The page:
Refugee Flows from Ebola-Stricken DR Congo into Uganda Double in Past Month

The Associated Press
AP Photo/Jerome Delay

The number of refugees fleeing into Uganda from the Democratic Republic of Congo (DRC, or DR Congo) in the past month has doubled, increasing the flow of those leaving the Ebola-stricken Ituri and North Kivu provinces to hundreds a day, Voice of America reported on Monday.

North Kivu is the center of the ongoing Ebola outbreak in DRC that began last year, spreading rapidly through the region’s cities though, unlike the last Ebola outbreak in 2014, authorities have successfully used vaccines to limit the number of people infected. Ituri province, which borders North Kivu to the north and Uganda to the west, has also identified a high number of Ebola cases.

Both provinces, like much of the DRC, face ongoing sectarian violence as militias struggle for control of the vast mineral wealth in the area. The fighting, continuing with little media fanfare since the Second Congo War ended in 2003, has challenged international aid workers’ efforts to trace the contacts of known Ebola patients and limit the spread of the virus. Medical workers also face extreme distrust in many regional villages, where militia members have attacked and killed doctors who they fear are intentionally poisoning the locals with the Ebola virus.

The 2018 DRC Ebola outbreak is the second-largest on record, having killed 1,668 people and infected 2,501 as of Sunday. The latest Ebola patient to succumb to the virus died on Tuesday en route to Butembo, North Kivu, after arriving in the border city of Goma this weekend. The man, identified as a pastor who had traveled from Goma to Butembo and come in contact with multiple Ebola patients there, was the first documented case in Goma, a city of 1 million bordering Rwanda. An outbreak in a densely populated place like Goma would be a “game-changer” for the outbreak, World Health Organization (WHO) chief  Tedros Adhanom Ghebreyesus said on Monday.

Butembo is about 100 miles south of Ituri province and about 163 miles from Lake Albert, a common crossing path for refugees. Lake Albert straddles the border between DRC and Uganda, which has documented three Ebola cases in the current outbreak, all family members who attended a funeral for an Ebola victim in DR Congo.

According to VOA, an estimated 300 Congolese a day cross Lake Albert to flee into Uganda. The number a month ago was half that, according to the aid workers sheltering the refugees on the other side of the lake. Refugees told the outlet that they flee because the militias in DR Congo deliberately target civilians for theft, rape, and murder.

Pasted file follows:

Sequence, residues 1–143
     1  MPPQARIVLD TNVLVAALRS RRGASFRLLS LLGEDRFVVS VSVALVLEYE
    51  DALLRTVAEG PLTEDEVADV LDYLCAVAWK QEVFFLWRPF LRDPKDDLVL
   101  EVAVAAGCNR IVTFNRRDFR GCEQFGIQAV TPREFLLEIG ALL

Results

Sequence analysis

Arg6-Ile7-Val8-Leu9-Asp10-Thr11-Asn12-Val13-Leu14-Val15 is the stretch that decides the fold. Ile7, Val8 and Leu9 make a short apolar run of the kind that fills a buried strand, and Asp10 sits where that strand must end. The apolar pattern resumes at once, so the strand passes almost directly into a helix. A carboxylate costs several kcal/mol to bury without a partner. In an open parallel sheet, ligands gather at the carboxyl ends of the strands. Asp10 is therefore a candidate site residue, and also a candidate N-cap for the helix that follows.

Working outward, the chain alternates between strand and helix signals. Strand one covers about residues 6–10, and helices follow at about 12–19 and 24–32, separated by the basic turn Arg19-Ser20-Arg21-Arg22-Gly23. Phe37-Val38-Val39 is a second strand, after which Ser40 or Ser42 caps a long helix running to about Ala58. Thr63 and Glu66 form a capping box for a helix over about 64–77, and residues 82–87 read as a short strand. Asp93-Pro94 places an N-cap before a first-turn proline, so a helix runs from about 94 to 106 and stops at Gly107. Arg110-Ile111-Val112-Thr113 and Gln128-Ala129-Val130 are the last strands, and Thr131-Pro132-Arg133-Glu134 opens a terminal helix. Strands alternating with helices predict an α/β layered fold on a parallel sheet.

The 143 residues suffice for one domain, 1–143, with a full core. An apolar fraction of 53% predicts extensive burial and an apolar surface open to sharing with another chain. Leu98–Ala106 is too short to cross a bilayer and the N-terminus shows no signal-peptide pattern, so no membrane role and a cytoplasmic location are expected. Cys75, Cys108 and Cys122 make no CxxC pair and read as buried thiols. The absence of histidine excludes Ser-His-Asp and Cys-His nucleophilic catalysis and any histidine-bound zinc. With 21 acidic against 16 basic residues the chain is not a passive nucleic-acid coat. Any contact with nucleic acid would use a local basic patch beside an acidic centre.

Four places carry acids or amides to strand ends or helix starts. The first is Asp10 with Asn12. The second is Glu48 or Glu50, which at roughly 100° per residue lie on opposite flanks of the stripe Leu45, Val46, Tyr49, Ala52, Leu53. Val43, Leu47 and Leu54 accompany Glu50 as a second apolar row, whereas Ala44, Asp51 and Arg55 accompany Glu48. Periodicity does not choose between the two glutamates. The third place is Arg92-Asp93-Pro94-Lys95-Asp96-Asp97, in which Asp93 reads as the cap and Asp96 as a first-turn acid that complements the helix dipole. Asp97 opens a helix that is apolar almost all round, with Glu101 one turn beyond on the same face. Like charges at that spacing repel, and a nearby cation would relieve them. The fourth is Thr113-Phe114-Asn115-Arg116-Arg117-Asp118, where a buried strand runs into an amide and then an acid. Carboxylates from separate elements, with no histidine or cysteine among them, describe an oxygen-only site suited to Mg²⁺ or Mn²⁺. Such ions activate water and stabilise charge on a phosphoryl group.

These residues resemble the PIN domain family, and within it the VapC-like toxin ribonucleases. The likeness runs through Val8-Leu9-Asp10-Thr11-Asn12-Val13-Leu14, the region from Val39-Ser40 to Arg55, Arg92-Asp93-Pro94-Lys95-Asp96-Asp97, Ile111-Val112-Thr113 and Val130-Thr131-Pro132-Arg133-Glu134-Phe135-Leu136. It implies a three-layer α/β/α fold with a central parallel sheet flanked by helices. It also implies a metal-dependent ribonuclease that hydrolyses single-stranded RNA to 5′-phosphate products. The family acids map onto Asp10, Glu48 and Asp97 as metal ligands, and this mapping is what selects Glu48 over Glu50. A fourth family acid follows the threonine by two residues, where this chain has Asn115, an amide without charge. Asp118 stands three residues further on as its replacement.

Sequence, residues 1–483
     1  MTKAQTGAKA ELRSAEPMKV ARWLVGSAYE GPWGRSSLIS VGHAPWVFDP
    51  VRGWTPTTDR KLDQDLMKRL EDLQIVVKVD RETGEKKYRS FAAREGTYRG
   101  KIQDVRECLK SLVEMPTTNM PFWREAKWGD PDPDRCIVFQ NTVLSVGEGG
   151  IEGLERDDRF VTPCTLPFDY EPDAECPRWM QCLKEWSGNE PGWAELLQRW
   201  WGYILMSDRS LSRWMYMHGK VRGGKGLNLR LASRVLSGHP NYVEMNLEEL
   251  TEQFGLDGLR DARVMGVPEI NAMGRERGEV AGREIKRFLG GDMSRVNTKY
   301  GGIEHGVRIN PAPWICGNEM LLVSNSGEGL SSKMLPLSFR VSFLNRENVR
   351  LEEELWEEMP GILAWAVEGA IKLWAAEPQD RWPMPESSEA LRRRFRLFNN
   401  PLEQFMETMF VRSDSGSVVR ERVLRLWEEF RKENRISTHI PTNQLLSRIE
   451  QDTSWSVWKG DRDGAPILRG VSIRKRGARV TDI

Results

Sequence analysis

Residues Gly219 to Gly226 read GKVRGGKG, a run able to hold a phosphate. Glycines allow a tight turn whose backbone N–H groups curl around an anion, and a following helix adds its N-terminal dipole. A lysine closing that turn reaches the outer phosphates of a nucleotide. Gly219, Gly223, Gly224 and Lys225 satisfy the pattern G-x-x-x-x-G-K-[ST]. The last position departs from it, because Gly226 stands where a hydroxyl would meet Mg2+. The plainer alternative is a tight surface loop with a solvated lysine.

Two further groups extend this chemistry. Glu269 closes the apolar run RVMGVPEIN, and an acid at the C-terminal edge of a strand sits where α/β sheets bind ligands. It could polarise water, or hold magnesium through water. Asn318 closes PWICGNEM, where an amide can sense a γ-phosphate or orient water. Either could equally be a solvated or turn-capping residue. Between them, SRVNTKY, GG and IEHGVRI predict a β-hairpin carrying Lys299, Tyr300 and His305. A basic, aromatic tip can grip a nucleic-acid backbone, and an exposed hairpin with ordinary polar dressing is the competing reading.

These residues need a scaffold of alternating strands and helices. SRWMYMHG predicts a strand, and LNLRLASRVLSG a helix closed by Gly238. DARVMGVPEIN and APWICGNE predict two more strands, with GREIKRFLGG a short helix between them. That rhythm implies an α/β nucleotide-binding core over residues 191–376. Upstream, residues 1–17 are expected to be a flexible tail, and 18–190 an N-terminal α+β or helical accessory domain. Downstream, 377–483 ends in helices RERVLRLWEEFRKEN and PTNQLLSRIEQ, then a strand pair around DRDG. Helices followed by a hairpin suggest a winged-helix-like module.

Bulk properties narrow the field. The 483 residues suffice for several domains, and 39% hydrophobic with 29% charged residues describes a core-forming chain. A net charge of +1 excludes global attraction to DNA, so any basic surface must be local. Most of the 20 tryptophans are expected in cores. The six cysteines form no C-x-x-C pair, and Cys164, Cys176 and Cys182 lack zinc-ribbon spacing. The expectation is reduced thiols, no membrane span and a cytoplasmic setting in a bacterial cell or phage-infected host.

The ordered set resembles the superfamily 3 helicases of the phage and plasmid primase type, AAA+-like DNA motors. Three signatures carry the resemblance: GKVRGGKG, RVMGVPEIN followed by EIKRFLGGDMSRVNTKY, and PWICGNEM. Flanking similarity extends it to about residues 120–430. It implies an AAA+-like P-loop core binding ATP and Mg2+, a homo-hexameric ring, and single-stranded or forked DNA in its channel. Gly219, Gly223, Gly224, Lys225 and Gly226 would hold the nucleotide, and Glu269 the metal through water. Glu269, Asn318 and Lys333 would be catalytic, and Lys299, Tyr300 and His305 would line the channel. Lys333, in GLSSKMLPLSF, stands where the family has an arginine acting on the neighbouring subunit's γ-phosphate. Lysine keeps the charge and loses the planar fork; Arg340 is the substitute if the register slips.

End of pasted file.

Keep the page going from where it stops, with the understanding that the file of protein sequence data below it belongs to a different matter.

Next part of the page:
“There are so many soldiers, yet the enemy rebel groups are in the surrounding forests. If they find a person in the garden, they kill you. They completely finish you,” a refugee VOA identified as Gipato Margaret said.

The fighting in the region began as ethnic conflict decades ago, exacerbated by refugee flows into DRC during the Rwandan genocide of 1994 – members of the Hutu ethnicity, which began the genocide by targeting Tutsis for extermination, fled into DRC following the culmination of the conflict. In the late 1990s, Congo experienced two wars that engulfed much of Africa. By the end of 2002, estimates of the death toll in the Second Congo War were around 3 million.

Tribal conflict between the Hema and Lendu ethnicities in Ituri province simmered long after the war – just as it had for decades before the influx of Rwandan refugees – but morphed with the recent knowledge that the region boasted prodigious mineral resources. By the 2010s, the violence had broken down into a variety of militias fighting for control of the minerals without necessarily doing so in the name of their ethnic group, against both each other and the Congolese government. The fighting for minerals has also devolved into revenge killings, according to the U.N., which often spiral out of control without a clear objective. The violence had engulfed Ituri and both North and South Kivu when Ebola struck last year.

According to the Office of the U.N. High Commissioner on Refugees, “tens of thousands of new refugees have fled across borders since the beginning of 2019” as of June. Al Jazeera reported last month that 400,000 people were displaced in the region in just a two-week span of June.

International health workers must navigate this ongoing violence to help treat Ebola patients and contain those who have been potentially exposed to the virus.

Uganda successfully contained the virus last month following the entry of three people later testing positive for Ebola from DRC, a family that had traveled into DRC for the funeral of a relative who died of Ebola. Ugandan authorities traced 96 contacts of those infected and kept them from contact with the country’s general population, limiting the virus’s spread. Tanzania and Kenya have also imposed Ebola safeguards at their border crossings to prevent the outbreak from spreading in a populated area.

Rwanda is also on high alert following the Ebola patient identified in Goma, across Lake Kivu from the country. The DRC Health Ministry said that “the risk of [Ebola] spreading to the rest of the city of Goma remains low” on Monday as the man went to a clinic for testing as soon as arriving in the city, but WHO Secretary-General Ghebreyesus nonetheless called the case “very concerning” as Goma is “a gateway to the region and the world.”

Ebola virus disease causes severe vomiting, diarrhea, and bloodletting until the person dies. It is transmitted by contact with the blood of an infected person and can be sexually transmitted.

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